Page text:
A Lansing medical marijuana dispensary is offering medical marijuana patients a choice of a half a gram of medical pot or a marijuana-laced baked good called a “medible” in exchange for registering to vote.
On the dispensary’s website, owner Skekina Pena writes:
Protect Your Access! Vote 2011:
All dispensaries are doing a voter registration drive. If you sign up at Your Healthy Choice, we will assist you in filling out the registration form and will mail it out for you. We believe in power in numbers and everyone taking a stand. So in appreciation, we will reward legal patients with a .5 gram free or a free medible! I’m planning an event for the preliminary voting that will have shuttles to the polls! We have to amend our Lansing ordinance! May God bless our efforts!
The webpage then encourages readers to support Lansing City Council candidates Derrick Quinney, A’Lynne Robinson and Harold Leeman. It also encourages readers to vote against City Council candidates Carol Wood and Jody Washington.
But in an interview with Pena Wednesday, she denied she was offering free pot or medibles in exchange for registering to vote.
“If they fill [the voter registration form] out, we are offering a compensation of a discount on their purchases that day,” Pena told Michigan Messenger. “That’s it. To help out those who wasted their gas to come in here.”
The dispensary is located on Michigan Avenue, six blocks from the state Capitol.
A spokesman for the Secretary of State says that while ultimately the decision about whether or a not crime has been committed is up to a local prosecutor, Michigan law does address situations similar to this.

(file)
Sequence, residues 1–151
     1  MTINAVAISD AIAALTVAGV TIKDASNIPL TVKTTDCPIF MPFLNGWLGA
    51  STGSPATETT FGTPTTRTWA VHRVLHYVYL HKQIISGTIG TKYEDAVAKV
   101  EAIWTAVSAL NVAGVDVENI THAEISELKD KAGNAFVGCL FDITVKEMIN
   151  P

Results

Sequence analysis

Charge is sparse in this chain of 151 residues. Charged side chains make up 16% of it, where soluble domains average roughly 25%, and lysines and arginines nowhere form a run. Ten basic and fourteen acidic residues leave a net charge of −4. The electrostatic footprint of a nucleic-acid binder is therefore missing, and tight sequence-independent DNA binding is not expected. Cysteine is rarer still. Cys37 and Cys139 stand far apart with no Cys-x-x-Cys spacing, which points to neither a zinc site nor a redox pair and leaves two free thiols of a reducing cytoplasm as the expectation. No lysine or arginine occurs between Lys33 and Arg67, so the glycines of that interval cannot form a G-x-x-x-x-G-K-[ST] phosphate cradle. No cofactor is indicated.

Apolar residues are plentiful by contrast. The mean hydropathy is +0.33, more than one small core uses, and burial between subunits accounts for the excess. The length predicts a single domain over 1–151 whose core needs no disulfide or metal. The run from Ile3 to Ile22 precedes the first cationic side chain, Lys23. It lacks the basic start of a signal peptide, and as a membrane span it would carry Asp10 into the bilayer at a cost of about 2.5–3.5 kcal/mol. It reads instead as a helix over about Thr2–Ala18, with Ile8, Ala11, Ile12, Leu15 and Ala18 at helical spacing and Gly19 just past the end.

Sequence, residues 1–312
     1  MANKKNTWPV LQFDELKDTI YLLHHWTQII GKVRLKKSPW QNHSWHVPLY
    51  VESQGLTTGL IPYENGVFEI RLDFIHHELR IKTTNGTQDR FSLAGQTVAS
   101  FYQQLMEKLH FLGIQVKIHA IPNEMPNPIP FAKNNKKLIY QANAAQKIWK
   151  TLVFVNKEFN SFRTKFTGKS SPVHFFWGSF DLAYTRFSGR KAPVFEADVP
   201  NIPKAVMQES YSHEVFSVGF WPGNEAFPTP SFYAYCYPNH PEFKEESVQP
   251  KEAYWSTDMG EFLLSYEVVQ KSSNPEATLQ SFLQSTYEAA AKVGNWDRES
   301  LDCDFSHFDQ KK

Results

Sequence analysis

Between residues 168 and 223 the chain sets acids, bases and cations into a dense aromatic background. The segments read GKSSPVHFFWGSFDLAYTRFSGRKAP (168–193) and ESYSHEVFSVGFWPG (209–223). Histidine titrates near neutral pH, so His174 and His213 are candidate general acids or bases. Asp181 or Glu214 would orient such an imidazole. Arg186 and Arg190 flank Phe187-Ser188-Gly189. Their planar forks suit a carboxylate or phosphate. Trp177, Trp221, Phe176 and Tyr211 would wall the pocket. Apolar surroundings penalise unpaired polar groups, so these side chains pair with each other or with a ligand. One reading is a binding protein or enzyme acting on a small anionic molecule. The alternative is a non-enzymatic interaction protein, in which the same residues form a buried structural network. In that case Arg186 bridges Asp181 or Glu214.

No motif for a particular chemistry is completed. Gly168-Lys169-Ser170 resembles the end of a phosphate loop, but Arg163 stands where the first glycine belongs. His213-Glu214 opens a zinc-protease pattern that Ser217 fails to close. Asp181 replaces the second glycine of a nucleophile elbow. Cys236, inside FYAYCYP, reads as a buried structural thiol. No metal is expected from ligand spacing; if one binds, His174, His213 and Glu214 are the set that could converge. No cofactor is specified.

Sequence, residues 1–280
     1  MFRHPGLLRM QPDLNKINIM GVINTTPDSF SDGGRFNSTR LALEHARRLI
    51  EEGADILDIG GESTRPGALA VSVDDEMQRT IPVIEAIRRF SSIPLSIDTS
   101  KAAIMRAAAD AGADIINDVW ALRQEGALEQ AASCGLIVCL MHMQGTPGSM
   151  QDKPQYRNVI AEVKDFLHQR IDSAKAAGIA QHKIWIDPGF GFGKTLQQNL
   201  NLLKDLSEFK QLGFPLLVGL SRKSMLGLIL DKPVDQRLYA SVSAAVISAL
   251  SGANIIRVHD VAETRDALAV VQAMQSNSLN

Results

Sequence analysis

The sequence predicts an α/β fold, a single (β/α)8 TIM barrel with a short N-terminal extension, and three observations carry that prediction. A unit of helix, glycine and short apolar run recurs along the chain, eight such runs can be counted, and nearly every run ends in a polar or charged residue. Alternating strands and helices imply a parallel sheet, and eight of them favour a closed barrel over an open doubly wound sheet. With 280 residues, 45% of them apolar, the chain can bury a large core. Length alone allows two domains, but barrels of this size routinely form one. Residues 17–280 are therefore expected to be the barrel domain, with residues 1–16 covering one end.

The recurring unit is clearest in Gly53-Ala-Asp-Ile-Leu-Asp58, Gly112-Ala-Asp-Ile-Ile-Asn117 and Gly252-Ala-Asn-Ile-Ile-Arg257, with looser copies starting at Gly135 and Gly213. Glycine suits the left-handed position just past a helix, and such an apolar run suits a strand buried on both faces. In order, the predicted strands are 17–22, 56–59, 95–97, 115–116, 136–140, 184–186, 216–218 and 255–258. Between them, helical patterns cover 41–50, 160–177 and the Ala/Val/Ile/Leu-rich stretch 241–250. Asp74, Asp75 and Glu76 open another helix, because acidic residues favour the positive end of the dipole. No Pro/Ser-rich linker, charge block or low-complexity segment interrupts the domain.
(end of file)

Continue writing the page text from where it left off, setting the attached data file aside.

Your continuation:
“Generally, if it advocates voting on a specific date and for or against certain candidates, it is likely an illegal inducement to vote,” says Fred Woodhams, spokesperson for Secretary of State Ruth Johnson. “In this situation, you have some one potentially offering a valuable consideration to induce some one to vote.”
Jody Washington, running for the First Ward seat on the Lansing City Council, is one of the candidates the clinic is advocating against. Washington does not currently hold an elective office. One of her opponents, Harold Leeman, is endorsed by the clinic.
“I was a little surprised that some one was trading marijuana for votes,” Washington told Michigan Messenger.
Candidate Derrick Quinney, who is endorsed on the clinic’s website, said it was the first he had heard of the situation.
“I don’t believe in buying votes,” Quinney said. “I’m certainly not in favor of anyone being influenced to do anything in an election other than by what we as candidates provide them.”
Quinney denied he is a registered medical marijuana caregiver. He also said he is not a registered patient.
“The only thing I have done is take my 86-year-old father-in-law, who is a registered patient, to pick up his medicine,” Quinney said.
Carol Wood, who is in the race against Quinney and others, was quick to condemn the clinic’s actions.
“I thought Medical Marijuana was to be used for medical purposes, not as a bribe for a vote,” said Wood in an emailed statement. “We can do better as a community than trading pot for votes.”